lennyk – posted 09 January 2007 06:11
My 3 month Zenith seedlings are dying, they are going brown from the tips of the leaves then the entire plant goes brown and dead.After it is dead the brown leaves/stalks pull out very easily.I have not seen any insects eating below but I tried spraying with diazinon to see if it helps but it does not appear to be helping.
Check the seedling in the centre of this picture and you will see it jsut starting to brown.http://img222.imageshack.us/img222/4029/p1100550ki1.jpg
TexanOne – posted 11 January 2007 01:35
Did you use any herbicides?
If you didn’t use herbicides, I would suspect it is a fungal problem. The ground appears wet in the photo which may be aggravating the fungal problem (maybe it was just watered?). The seedlings are the size now where they should be cycled about 2x/week bewteen moist and dry.
It also appears you have enough healthy seedlings so you will still have complete coverage in time, but if you have large, totally dead areas, those will have to be reseeded.
lennyk – posted 11 January 2007 04:56
It has been raining off and on so so nothing can be done about the soil being wet.
Is there any fungicide I can try to save what’s left ?
TexanOne – posted 12 January 2007 01:57
I am going to take a guess that you have damping-off disease of the Zenith seedlings. It appears that way from the photo. I dont know what you have available to you in Trinidad for fungicides to help you, but here is a good website for more information:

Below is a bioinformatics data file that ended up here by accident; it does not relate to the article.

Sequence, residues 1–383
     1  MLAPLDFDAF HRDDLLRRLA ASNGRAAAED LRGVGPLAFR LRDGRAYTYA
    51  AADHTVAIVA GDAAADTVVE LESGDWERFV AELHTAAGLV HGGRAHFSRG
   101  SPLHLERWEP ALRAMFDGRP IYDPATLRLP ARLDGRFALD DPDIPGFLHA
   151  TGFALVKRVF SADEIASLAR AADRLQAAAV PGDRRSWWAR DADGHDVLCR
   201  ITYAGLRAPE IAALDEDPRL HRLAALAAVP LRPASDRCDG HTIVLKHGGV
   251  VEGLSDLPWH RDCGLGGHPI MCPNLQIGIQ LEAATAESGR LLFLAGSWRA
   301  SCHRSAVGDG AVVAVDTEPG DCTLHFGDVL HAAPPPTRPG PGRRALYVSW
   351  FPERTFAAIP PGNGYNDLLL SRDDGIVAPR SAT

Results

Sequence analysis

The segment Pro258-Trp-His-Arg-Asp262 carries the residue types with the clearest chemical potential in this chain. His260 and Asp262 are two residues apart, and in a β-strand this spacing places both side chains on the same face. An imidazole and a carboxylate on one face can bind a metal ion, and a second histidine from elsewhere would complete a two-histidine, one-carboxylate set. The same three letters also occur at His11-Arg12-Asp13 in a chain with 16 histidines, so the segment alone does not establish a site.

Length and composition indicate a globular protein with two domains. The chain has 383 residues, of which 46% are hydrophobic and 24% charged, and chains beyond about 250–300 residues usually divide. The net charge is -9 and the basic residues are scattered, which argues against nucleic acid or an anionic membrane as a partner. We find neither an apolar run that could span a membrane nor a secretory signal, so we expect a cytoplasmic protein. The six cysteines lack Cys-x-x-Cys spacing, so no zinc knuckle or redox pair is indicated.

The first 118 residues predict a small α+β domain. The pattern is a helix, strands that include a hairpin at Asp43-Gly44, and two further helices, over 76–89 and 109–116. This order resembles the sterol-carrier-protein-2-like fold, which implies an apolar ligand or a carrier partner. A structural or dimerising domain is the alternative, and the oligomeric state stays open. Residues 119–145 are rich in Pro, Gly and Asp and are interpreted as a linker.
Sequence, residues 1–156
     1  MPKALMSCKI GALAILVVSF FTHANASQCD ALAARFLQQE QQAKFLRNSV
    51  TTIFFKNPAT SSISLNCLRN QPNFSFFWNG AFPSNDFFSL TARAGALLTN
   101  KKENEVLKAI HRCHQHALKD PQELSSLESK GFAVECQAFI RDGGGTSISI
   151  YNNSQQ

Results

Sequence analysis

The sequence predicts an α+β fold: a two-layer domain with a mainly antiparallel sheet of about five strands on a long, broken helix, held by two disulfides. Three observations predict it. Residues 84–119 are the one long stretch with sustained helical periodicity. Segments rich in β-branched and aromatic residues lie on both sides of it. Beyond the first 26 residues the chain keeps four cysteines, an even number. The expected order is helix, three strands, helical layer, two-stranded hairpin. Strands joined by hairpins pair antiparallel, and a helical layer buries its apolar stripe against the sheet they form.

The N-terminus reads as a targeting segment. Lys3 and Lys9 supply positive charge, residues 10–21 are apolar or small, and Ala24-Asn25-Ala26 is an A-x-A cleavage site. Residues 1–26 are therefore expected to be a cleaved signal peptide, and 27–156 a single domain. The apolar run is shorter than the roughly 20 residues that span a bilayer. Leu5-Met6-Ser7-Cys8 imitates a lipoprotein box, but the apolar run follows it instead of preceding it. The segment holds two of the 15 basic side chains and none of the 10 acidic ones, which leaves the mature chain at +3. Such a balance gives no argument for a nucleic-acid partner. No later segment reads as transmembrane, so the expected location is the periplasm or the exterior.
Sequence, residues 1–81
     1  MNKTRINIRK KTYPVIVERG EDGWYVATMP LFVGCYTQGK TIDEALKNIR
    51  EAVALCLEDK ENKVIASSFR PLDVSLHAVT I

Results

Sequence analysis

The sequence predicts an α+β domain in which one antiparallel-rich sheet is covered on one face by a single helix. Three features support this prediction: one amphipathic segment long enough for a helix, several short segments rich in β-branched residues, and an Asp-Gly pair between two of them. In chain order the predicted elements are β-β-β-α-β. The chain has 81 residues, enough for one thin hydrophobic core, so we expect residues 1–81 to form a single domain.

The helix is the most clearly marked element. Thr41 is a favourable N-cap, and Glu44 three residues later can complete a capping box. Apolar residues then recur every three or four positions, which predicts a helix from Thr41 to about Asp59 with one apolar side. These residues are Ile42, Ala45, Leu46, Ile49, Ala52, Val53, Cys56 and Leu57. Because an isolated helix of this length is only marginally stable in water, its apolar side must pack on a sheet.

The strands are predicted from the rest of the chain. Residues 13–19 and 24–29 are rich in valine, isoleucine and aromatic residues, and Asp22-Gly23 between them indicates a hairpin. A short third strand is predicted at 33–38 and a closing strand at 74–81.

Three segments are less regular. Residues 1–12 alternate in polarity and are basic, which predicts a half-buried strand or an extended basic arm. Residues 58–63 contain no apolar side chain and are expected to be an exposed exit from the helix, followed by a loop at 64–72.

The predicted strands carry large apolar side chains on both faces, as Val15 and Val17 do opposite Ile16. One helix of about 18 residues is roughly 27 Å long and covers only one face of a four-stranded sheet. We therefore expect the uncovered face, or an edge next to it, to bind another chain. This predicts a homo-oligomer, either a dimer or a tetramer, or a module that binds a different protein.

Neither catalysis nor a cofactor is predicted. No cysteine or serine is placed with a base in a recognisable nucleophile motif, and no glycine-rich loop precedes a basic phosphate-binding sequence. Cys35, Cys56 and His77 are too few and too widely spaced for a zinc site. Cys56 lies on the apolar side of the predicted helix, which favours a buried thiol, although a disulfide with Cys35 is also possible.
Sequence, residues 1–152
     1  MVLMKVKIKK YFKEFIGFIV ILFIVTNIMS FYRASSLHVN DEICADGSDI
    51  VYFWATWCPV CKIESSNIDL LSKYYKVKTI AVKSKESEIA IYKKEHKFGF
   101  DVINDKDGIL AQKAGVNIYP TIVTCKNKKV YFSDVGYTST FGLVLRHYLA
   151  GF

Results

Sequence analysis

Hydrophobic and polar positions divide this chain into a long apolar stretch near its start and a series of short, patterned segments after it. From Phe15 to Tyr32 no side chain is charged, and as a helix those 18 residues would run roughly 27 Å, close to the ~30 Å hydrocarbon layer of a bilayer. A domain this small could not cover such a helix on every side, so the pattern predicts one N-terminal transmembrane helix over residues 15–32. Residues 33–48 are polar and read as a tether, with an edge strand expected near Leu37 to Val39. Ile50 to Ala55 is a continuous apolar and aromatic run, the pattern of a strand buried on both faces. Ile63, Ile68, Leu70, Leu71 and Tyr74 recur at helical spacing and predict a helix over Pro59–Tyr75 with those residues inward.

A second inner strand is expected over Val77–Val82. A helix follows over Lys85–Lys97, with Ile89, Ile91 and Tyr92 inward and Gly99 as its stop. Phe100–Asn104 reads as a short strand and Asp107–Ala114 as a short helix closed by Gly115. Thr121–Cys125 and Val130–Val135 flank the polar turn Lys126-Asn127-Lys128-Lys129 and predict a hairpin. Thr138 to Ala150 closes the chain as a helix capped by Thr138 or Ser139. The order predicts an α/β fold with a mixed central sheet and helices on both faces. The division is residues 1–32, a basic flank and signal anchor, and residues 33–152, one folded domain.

Im sure if you do a Google search for damping-off disease, you will find even more advice.
One thing I read with interest in the above link was the use of vinegar to create an acidic soil condition that is toxic to fungal growth. This may be worth a try if you cannot find any suitable chemical controls.
Please keep us informed about the progress of your Zenith. I admire your patience and persistence in getting a Zenith lawn!
TexanOne – posted 12 January 2007 02:09
By the way LennyK, the seedlings also appear of the age and size to begin producing stolons and rhizomes and begin to spread. I believe when that happens, you will see fast growth and sod produced which will overcome any fungal problems by simply growing faster than the fungus can attack the individual plants.
I would go ahead and attack the fungal problem (if thats what it is), but I think you will have mature Zenith sod within several months – even if you did nothing at all. The photo of the seedlings actually appear quite good. Lets hope you dont have any more soil washouts.
TexanOne – posted 12 January 2007 02:21
I just thought of something else that I used to control fungal diseases in St Augustine last summer cow manure. If you dont have a source for cow manure, you can try almost any other commercial-grade types (not sure what you have available to you).
Texas A&M is using cow manure to control Take All Root Rot, which is a fungal disease that attacks many species of turfgrasses in Texas during the hot, humid summers.
lennyk – posted 12 January 2007 09:21
From reading the info it does look like a form of damping fungus.
I will try some fungicide this weekend, hopefully the dry season is going to start very soon. Some of the seedling have already started sending runners so hopefully within a month I should have decent coverage and be on the home stretch.
See pics here
TexanOne – posted 15 January 2007 01:46